I once went to an AA meeting in Gstaad. That’s the resort for the super rich where, as the joke goes, Roger Federer can’t afford to join the tennis club. Lindt chocolates and espresso coffee were served in a clubhouse setting. The very rich people there munched, sipped and shared. What came out of their mouths was the same woes I had heard at skid row meetings in LA where the Chips Ahoy! cookies and coffee you could strip paint with disappeared fast because that was the only nourishment that many there were going to get that night.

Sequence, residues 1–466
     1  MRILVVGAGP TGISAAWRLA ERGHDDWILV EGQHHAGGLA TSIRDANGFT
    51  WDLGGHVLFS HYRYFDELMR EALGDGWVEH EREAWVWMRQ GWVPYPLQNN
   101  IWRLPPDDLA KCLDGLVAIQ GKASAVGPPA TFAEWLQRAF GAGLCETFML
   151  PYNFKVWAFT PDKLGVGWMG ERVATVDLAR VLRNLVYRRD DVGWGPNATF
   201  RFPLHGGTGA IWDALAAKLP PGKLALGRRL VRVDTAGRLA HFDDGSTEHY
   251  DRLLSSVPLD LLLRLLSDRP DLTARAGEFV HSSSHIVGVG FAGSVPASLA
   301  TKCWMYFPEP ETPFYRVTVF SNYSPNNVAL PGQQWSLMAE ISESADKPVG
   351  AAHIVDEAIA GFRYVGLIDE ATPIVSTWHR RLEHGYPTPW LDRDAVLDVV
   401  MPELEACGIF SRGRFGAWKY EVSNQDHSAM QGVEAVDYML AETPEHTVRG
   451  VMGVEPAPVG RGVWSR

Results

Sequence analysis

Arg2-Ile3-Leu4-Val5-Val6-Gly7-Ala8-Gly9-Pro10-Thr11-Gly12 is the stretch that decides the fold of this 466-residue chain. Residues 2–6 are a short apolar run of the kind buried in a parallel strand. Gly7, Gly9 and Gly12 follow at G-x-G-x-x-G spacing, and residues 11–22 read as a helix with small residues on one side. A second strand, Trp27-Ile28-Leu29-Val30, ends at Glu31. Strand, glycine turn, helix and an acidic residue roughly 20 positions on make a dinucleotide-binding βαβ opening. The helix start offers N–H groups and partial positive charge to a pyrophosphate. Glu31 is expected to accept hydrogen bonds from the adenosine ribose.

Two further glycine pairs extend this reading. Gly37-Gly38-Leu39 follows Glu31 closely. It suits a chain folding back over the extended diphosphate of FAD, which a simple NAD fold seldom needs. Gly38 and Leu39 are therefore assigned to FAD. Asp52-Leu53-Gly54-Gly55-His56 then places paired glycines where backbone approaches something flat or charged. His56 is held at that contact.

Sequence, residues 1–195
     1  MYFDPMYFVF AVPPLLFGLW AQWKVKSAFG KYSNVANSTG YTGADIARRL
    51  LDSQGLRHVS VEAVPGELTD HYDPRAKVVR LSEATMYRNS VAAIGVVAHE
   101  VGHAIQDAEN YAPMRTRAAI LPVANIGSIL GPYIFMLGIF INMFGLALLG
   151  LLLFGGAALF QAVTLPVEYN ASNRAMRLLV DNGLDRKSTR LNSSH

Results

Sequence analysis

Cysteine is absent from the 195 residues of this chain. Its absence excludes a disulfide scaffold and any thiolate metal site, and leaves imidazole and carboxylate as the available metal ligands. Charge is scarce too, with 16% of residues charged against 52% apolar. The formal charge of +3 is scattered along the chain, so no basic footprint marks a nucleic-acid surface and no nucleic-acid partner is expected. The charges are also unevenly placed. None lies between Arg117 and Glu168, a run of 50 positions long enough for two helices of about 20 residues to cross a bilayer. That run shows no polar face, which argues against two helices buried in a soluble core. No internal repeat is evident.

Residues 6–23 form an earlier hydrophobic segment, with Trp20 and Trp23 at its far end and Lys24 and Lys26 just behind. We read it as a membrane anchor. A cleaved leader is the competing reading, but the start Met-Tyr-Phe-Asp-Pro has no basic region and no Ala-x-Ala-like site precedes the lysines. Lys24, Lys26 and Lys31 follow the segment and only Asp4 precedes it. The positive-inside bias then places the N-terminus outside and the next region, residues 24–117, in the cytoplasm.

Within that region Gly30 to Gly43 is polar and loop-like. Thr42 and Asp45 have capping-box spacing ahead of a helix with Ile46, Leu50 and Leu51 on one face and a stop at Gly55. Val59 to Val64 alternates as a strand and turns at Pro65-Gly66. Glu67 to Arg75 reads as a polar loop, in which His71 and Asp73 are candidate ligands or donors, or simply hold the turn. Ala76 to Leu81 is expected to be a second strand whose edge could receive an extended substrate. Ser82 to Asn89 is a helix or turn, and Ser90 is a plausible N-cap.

Whatever F Scott Fitzgerald thought, when it comes to the bottle, needle and class A substances, the rich are not different. ‘Addiction stories are the same the world over,’ says Sigrid Rausing. Truly.
The Rausings are a billionaire dynasty that grew rich from the invention by the patriarch, Ruben, in the 1950s of Tetra Pak, the now-universal milk carton. Sigrid Rausing, who like other members of her family has moved from her native Sweden, with its prohibitive taxes, to Britain, is an admirable